If they are to do better in the future, it will be in spite of books like Semiotic Perspectives, whose grouchy scientism is a throwback to Ogden and Richards. Dr Hervey draws, as they did, a confidently sharp dividing-line between technical and emotive language, becoming as he does so emotively technical. Hervey is very much a Peirce, not a Saussure man. The latter’s Cours de Linguistique Générale has never struck me as a very emotive volume, but a bare-faced mistranslation can always make it appear so: where Saussure writes, neutrally enough, of semiology studying the life of signs ‘au sein de la vie sociale’ (or, in Harris’s version, ‘as part of social life’), Hervey pretends that the English equivalent of that innocuous au sein de is ‘nurtured in the womb of’, admits that that may be a trifle flowery but allows it to stand, as an imputation against Saussure’s scientific standing. Admittedly, Hervey has come to semiotics from the study of Chinese, but should we trust a man who does not discriminate between a bosom and a womb?
Semiotic Perspectives is a run-through of the doctrines and formulations of Saussure, Peirce and other semiologists or semioticians. It is not the plain and unprejudiced introduction to the subject we could do with. Hervey is unnecessarily anxious that semiotics should not only be a science but be seen to be a science, and his pages are full of diagrams and tables, many of which do nothing for his argument but are mere emblems of scientificity, like the dreadfully ugly new terms which he has found the need for in order himself to qualify as an innovator in this crowded domain. Not only should semiotics be able to do without barbarisms like ‘plerematic’ and ‘cenotactic subsystems’: it will have to do without them if it is to keep any appeal at all.
And appeal it can, in ways which Hervey would like to stamp out. His greatest scorn in Semiotic Perspectives is directed at the most appealing semiologist we have yet had, Roland Barthes, whose superb, provocative, less than scientific Mythologies Hervey finds no better than a ‘parlour-game’. It seems to me, on the contrary, that it is this very parlour-game aspect of semiology that will be the saving of it, and its lifeline to the intellectual world outside. Semiology must be an art, whether or not it one day proves to be a science. We may none of us practise it with the verve and intelligence which Barthes had, but there is insight and enjoyment to be got from trying. The point of the art is to read the products of one’s culture for their value, not just for their function, since all of them in greater or lesser degree bear messages hidden from the innocent, pre-semiological eye or ear.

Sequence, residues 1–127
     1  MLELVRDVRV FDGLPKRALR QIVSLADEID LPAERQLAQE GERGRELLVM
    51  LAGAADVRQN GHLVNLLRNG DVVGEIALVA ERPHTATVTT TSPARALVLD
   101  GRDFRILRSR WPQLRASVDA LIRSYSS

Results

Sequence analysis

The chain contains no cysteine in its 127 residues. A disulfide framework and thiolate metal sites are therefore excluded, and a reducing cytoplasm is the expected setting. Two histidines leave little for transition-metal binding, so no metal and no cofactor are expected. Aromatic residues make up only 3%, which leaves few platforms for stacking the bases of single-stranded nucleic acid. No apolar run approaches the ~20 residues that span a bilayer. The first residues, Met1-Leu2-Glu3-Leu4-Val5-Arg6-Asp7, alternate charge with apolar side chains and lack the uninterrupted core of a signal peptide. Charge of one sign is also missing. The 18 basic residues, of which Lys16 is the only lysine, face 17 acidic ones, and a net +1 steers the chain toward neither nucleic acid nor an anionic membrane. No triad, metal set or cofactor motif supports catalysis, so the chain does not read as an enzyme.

Culture is all signs, and signs – this analysis is close to being the heart of the Cours – are twofold: they are at once sensible and intelligible, material and mental. When we use signs, as we do all the time, we signify, because signs are the socially accredited bearers of meaning and value; they are an institution with which we have to comply if we are to communicate at all. The lay semiologist needs little apparatus, beyond the ability to keep the two aspects of the sign separate from each other. Saussure’s own names for these two aspects were the signifiant and signifié, or, as they’ve customarily been known in English, ‘signifier’ and ‘signified’. Roy Harris translates them differently, as ‘signal’ and ‘signification’; he does not say why. As a pair ‘signifier’ and ‘signified’ have advantages which ‘signal’ and ‘signification’ don’t: they look suitably inseparable and they are exclusive to semiology. ‘Signal’ and ‘signification’ are less obviously related and they have uses outside the analysis of signs. ‘Signal’, also, is a notably more active term than ‘signifier’, with clear connotations of intentionality: but not all signs by any means seem to signal to us, and it is often the reticent ones that best repay investigation.
Harris’s departure from the standard translation in this instance is odd and unhappy: but his translation as a whole is the one to use from now on. It serves Saussure well, though there is not a lot to the annotation promised on the cover: Harris’s notes are few and abbreviated, the edition an austerity one. But in an age when professionalism threatens to be the death of linguistics, it is a supreme virtue of the Course in General Linguistics that it can be read without help.